The appearance of the clear zone around the colony after the addition of Congo red solution was strong
evidence for the secretion of cellulase. Out of 12 fungal species, the clear zone produced by
Aspergillusniger was confirmed as highest cellulase producing fungi. The zone produced by
Aspergillusniger was 16 mm after 48 hours (Fig.18).

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Fig.18. Clear zone produced by Aspergillusnigeron CMC agar plate

3.3 Secondary screening


When the cellulase activity was tested quantitatively with dinitrosalicyclic acid reagent, the results
obtained that almost all the 12 fungal isolates showed cellulase production. Aspergillusniger was found to
produce the highest quantity of cellulase (0.854 ± 0.003 IU/ml).It was followed by Rhizopussp.(0.722 ±
0.004 IU/ml) and Aspergillusaculentensis(0.706 ± 0.006 IU/ml). Cellulase produced by A. fumigatus was
0.553 ± 0.001 IU/ml whereas A. ochraceusproduced 0.538 ± 0.004 IU/ml and A. nidulansproduced 0.515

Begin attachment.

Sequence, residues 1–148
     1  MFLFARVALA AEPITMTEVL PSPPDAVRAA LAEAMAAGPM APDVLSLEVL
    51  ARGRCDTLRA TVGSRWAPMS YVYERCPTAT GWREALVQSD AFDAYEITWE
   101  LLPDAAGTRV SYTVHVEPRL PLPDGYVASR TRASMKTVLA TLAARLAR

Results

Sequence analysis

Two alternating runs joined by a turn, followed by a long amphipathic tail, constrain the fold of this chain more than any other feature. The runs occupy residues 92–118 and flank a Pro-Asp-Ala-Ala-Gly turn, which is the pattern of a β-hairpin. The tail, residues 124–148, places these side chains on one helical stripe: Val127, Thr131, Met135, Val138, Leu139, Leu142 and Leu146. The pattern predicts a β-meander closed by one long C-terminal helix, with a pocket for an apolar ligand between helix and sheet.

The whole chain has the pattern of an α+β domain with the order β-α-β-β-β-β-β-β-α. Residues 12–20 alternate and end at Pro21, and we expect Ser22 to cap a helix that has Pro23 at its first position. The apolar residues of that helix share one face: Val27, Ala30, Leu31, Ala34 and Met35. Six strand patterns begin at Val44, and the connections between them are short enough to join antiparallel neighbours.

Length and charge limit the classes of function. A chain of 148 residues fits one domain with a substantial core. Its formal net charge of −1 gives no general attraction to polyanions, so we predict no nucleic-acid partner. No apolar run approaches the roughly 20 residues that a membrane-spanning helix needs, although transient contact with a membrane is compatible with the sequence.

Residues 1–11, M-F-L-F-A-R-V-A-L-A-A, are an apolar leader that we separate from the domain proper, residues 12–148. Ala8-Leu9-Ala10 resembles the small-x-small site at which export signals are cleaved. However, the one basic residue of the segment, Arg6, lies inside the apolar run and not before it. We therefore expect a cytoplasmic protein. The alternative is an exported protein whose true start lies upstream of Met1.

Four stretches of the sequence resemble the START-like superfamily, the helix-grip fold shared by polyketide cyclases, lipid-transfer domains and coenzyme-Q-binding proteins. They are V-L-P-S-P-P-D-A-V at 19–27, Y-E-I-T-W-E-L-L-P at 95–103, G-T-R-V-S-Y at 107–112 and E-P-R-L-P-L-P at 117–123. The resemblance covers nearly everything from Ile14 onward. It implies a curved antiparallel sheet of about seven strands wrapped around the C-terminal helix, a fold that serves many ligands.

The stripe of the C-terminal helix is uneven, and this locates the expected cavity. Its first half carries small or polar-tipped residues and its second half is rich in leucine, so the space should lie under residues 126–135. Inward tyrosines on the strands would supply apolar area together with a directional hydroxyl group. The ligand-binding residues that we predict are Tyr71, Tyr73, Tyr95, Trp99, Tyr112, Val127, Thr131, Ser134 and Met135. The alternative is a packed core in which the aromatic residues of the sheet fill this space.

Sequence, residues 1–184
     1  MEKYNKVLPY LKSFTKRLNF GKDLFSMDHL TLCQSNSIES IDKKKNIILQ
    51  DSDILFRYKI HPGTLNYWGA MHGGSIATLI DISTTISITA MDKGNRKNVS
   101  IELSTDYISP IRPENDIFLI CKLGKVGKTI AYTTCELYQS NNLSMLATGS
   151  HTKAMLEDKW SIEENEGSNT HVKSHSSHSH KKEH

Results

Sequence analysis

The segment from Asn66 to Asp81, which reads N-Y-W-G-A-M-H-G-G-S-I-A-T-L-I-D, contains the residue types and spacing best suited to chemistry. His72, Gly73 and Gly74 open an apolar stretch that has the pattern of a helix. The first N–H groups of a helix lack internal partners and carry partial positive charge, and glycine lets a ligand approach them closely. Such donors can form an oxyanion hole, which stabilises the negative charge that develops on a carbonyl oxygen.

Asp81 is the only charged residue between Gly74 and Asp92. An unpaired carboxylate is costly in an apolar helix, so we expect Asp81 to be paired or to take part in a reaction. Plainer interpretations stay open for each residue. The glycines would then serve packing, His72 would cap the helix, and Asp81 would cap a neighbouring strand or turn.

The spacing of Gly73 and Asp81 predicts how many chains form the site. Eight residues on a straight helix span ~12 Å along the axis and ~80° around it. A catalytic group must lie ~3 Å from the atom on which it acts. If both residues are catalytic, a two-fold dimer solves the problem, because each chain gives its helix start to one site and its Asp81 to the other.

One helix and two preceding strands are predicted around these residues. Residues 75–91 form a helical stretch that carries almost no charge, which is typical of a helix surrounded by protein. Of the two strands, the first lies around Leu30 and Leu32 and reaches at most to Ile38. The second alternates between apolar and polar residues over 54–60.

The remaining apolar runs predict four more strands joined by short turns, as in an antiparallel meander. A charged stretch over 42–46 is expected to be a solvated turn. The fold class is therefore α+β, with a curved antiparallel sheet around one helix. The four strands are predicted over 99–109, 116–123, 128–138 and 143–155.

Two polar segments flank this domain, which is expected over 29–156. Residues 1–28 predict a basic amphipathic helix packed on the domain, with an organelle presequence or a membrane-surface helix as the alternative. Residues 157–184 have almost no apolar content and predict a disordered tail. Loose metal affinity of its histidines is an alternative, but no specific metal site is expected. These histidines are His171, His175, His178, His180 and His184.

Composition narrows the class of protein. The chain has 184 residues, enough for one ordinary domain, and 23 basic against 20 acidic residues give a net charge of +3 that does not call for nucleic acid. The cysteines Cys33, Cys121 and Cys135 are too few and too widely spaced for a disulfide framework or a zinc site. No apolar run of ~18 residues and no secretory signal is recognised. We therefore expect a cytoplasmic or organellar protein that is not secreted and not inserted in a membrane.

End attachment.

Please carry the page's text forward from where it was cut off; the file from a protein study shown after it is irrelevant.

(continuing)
± 0.002 IU/ml. Fusarium sp.produced 0.445 ± 0.003 IU/ml of cellulase;
Syncephalastrumracemosumproduced 0.392 ± 0.004 IU/ml. Aspergillusflavus produced 0.298 ± 0.003
IU/ml Aspergillus japonicas produced0.278 ± 0.003 IU/ml. Cellulase produced by A. oryzae was 0.264 ±
0.003 IU/ml. The least amount of cellulase was produced byRhizopusstolonifer was 0.204 ± 0.005 IU/ml.
These findings have further confirmed the superiority of Aspergillusniger as the industrial production
species for cellulase production. This isolate was selected for further investigation as they exhibited
highest cellulase activity.

Table.4. Cellulase production by fungal isolates

Strain No. Fungal Isolates Cellulase IU/ml


F1 Rhizopusstolonifer 0.204 ± 0.005
F2 Aspergillusniger 0.854 ± 0.003
F3 Aspergillusflavus 0.298 ± 0.003
F4 Aspergillusnidulans 0.515 ± 0.002
F5 Aspergillusfumigatus 0.553 ± 0.001
F6 Aspergillusoryzae 0.264 ± 0.003
F7 Aspergillusochraceus 0.538 ± 0.004
F8 Aspergillusjaponicas 0.278 ± 0.003
F9 Rhizopussp 0.722 ± 0.004
F10 Aspergillusaculentensis 0.706 ± 0.006
F11 Fusarium sp. 0.445 ± 0.003